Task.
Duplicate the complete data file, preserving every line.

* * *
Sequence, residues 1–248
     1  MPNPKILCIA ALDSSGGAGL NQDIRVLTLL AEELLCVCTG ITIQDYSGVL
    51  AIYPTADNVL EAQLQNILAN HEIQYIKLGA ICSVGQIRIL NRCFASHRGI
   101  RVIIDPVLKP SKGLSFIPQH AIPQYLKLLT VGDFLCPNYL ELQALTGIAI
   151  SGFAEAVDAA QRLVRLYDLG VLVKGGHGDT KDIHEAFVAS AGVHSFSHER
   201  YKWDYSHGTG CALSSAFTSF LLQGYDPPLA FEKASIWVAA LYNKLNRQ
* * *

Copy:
Sequence, residues 1–248
     1  MPNPKILCIA ALDSSGGAGL NQDIRVLTLL AEELLCVCTG ITIQDYSGVL
    51  AIYPTADNVL EAQLQNILAN HEIQYIKLGA ICSVGQIRIL NRCFASHRGI
   101  RVIIDPVLKP SKGLSFIPQH AIPQYLKLLT VGDFLCPNYL ELQALTGIAI
   151  SGFAEAVDAA QRLVRLYDLG VLVKGGHGDT KDIHEAFVAS AGVHSFSHER
   201  YKWDYSHGTG CALSSAFTSF LLQGYDPPLA FEKASIWVAA LYNKLNRQ